Handle With Care: Endangered Sources

By Baylea O’Brien

To this day, the only physical trace reporter Matthew Frank has of his whistleblower is a white envelope he found sitting on his desk one afternoon. Containing classified documents, the envelope sent Frank on a two-year investigation uncovering allegations against police officers in Lake County, Montana.

Nowadays, with leaks more often occurring online than by snail mail, journalists’ hard drives conceal a plethora of sensitive documents and transcriptions. Although whistleblowers tend to look over their shoulders when releasing incriminating documents, they’re not the only ones being monitored.

In the past year, federal investigators obtained cell phone records of two Associated Press reporters, exposing an anonymous whistleblower whose identity the reporters were trying to protect.

While Montana hasn’t seen such a scandal yet, Frank and other local journalists are watching the horizon.

Keila Szpaller, a reporter for the Missoulian, a Montana daily, is leery of the effects data gathering and surveillance might have on reporters as well as sources.

“People, at the very least, will be more cautious,” Szpaller said, “and at worst, refuse to share information in fear of retribution.”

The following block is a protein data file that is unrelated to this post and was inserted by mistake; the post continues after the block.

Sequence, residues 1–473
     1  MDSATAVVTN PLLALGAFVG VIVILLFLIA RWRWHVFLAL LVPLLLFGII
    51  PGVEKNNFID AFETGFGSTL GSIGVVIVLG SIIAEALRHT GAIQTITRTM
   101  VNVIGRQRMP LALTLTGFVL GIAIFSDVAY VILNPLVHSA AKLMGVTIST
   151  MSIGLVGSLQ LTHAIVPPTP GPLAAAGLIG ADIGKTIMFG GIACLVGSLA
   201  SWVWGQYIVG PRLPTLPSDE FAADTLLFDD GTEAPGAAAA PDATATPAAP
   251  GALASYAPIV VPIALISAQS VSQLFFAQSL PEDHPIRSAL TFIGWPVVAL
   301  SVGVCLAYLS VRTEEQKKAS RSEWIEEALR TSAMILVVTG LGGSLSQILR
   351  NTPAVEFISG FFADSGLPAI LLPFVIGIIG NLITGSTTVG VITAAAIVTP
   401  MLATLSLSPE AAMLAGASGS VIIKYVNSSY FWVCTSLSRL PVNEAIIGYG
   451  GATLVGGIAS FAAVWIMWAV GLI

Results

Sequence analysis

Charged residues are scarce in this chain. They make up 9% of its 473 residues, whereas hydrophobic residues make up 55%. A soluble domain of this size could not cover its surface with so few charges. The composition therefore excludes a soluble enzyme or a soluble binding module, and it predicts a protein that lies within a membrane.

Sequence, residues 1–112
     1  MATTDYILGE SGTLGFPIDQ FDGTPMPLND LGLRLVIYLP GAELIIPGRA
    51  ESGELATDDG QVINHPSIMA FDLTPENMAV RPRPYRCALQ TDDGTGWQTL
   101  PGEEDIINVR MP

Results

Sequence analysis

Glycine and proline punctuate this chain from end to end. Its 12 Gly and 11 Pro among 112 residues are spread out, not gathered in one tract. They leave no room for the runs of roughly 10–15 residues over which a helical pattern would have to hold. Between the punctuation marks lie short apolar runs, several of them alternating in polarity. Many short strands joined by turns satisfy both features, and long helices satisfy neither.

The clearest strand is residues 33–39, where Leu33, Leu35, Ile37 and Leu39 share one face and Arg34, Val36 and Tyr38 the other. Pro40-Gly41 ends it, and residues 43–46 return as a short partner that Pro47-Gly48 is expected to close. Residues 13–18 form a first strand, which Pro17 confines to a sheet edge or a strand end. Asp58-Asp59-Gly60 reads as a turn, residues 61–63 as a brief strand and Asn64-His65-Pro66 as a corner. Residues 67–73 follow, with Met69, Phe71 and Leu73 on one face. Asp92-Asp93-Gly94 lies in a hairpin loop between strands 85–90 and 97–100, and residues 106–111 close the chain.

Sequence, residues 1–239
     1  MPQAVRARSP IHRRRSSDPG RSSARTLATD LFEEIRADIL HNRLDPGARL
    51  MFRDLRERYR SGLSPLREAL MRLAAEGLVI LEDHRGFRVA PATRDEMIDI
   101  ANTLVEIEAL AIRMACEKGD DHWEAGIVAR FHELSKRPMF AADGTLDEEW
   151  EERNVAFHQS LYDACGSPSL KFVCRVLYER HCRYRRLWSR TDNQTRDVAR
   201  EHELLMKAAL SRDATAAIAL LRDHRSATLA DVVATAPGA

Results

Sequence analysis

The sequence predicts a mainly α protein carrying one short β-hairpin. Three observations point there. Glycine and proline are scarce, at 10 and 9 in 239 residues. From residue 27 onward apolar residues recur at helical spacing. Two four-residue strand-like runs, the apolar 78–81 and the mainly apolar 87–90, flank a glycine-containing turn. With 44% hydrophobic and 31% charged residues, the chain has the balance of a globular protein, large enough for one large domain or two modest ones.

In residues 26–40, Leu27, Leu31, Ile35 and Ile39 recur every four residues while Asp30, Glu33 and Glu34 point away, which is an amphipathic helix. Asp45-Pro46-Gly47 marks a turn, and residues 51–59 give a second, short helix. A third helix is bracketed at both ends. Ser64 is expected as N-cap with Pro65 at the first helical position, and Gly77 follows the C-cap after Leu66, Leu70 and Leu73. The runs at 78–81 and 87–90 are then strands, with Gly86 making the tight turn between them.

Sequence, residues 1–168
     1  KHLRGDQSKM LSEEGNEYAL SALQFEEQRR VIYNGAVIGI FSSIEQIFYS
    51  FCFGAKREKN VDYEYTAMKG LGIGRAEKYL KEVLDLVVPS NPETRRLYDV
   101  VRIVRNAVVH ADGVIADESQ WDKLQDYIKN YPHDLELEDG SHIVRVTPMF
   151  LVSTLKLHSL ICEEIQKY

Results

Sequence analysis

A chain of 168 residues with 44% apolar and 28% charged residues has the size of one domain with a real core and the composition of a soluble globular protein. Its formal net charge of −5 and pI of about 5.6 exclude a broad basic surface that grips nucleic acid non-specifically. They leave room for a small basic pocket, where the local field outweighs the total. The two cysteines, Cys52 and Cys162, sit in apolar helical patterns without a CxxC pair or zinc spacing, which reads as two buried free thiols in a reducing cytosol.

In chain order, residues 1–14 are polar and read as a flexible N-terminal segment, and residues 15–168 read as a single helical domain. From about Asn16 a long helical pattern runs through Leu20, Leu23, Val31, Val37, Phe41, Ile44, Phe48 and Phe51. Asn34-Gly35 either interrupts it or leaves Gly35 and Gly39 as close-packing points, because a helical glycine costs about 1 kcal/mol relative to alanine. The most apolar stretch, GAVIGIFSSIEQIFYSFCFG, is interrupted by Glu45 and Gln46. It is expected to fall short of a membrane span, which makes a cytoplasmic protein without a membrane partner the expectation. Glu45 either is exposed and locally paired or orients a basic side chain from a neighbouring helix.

Szpaller, who covers city hall, has witnessed sources shred information in front of her and taken their calls from various phone numbers so they could avoid being linked to leaks. Szpaller tries to meet her sources halfway.

“When I have had sources express caution, I met them in person,” she said. “I have gone so far as to meet someone at my private residence.”

Although Szpaller has yet to have any of her files hacked, she worries the possibility will make sources reluctant to share information and create further obstacles for journalists protecting sources.

While the public adapts to ubiquitous data gathering on multiple fronts, reporters still need to uphold their creed to accurately inform the public and diligently research leads, whether the information comes in an email, a phone call, or a white envelope.

Baylea O’Brien is a University of Montana senior. Her passion for traveling and international issues has taken her from the Middle East to New York City, where she interned for Seventeen magazine.